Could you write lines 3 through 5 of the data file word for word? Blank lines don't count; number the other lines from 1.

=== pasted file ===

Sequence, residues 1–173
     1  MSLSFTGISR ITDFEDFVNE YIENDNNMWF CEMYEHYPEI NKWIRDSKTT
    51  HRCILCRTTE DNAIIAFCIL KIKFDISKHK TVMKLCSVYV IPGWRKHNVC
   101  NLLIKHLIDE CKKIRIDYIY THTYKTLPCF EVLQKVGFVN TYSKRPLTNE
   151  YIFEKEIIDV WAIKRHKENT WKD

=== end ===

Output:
    51  HRCILCRTTE DNAIIAFCIL KIKFDISKHK TVMKLCSVYV IPGWRKHNVC
   101  NLLIKHLIDE CKKIRIDYIY THTYKTLPCF EVLQKVGFVN TYSKRPLTNE
   151  YIFEKEIIDV WAIKRHKENT WKD